"Field staff members give every identified eligible household a new SIM card (costing approximately $0.50) that will enable them to receive electronic transfers. Households without a cell phone are also offered the opportunity to purchase one by having the retail price of the phone deducted from their future transfer. Purchasing a phone is strictly optional, but it does make it easier for the recipient to collect transfers and for GiveDirectly to stay in touch with him/her." GiveDirectly, "Offering Memorandum (January 2012)," Pg 17. • 9. "The transfer is made using M-PESA, a mobile money transfer service operated by Safaricom, a Kenyan mobile telephone operator managed by Vodafone Group Plc. There are several steps linking your donation to a Kenyan household. You make a donation through the GiveDirectly website, or send a check, which is deposited in GiveDirectly's US based bank account. These funds are then sent to GiveDirectly's Kenyan bank account via wire transfer, which is linked with our M-PESA account. From that account, GiveDirectly sends electronic money to impoverished households. The recipient receives a text message informing them of the transfer. They can then exchange their 'mobile money' for cash anywhere in the M-PESA agent network. M-PESA agents are often local shopkeepers but others are petrol stations, supermarkets, courier companies, cyber cafes, retail outlets and even banks. An important feature of this system is that individuals can receive transfers even if they do not own a phone themselves: the M-PESA agent simply loads their SIM card into one of his own phones." GiveDirectly, "FAQs." • 10. "We have enrolled 504 treatment households and earmarked$300 for each of these for the RCT. To date we have transferred a total of $43,130 to 412 of these households for an average transfer size of$105, with $108,070 remaining to be transferred between now and September 2012. In light of recent donations received we have decided to increase RCT transfers from$300 to $1,000 for a randomly selected subsample of 142 households. The additional transfers, totaling$100,000, are scheduled to begin in February 2012." Piali Mukhopadhyay, email to GiveWell, January 25, 2012.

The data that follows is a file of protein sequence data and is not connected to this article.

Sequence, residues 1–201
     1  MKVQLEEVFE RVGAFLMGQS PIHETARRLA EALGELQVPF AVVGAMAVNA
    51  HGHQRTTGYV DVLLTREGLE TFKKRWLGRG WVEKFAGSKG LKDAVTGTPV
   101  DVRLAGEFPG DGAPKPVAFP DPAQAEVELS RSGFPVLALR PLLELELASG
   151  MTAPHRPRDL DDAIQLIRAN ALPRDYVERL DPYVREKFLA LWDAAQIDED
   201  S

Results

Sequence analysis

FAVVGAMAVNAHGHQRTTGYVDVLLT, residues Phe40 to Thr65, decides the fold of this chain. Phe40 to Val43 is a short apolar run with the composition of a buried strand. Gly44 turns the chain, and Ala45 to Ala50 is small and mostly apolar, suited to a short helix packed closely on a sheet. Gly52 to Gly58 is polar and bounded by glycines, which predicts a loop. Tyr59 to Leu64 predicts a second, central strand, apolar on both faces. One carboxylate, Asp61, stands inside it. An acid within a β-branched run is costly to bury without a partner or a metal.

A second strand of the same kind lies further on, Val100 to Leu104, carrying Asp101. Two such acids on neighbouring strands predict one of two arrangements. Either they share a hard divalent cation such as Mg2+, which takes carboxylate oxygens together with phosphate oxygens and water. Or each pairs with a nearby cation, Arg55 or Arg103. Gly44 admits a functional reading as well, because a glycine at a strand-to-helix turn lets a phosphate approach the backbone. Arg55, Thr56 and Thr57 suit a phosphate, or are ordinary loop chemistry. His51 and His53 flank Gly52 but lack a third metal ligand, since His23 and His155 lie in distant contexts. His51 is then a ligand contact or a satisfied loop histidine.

• 11.

"After identifying villages GiveDirectly conducts a proxy means test to identify the poorer households within those villages. Specifically, GiveDirectly defines eligible households as those living in homes made from organic materials, i.e. lacking cement, stone or iron....Field visits are unannounced to minimize the possibility that recipients take actions to game the system (for example, temporarily moving into an abandoned mud and thatch home)." GiveDirectly, "Offering Memorandum (January 2012)," Pg 17.

• 12.

"GiveDirectly locates poor Kenyan households, targeting those living in mud and thatch homes." GiveDirectly, "Offering Memorandum (January 2012)," Pg 5.

"We condition household eligibility on three distinct criteria: the materials used in their roof, the material used in their walls, and the material used in their floor. This distinction is important as households that meet one or two of these criteria are statistically quite different from those that meet them all." GiveDirectly, "Clarifications on GiveWell's Draft Review of GiveDirectly."

• 13.

GiveDirectly, "Survey for Randomized Controlled Trial."

• 14.

GiveDirectly, "Offering Memorandum (January 2012)," Pgs 23-24.

• 15.

"We plan to continue collecting data on poverty indicators as part of our ongoing enrollment process. We are analyzing baseline data from our RCT to identify subsets of variables that are good statistical predictors of broader measures of consumption poverty." GiveDirectly, "Clarifications on GiveWell's Draft Review of GiveDirectly."

• 16.

GiveDirectly, "Offering Memorandum (January 2012)," Pg 25.

• 17.

"The research team drew a random sample from the population of households living in different categories of homes." GiveDirectly, "GiveWell Clarifications (March 28, 2012)."

• 18.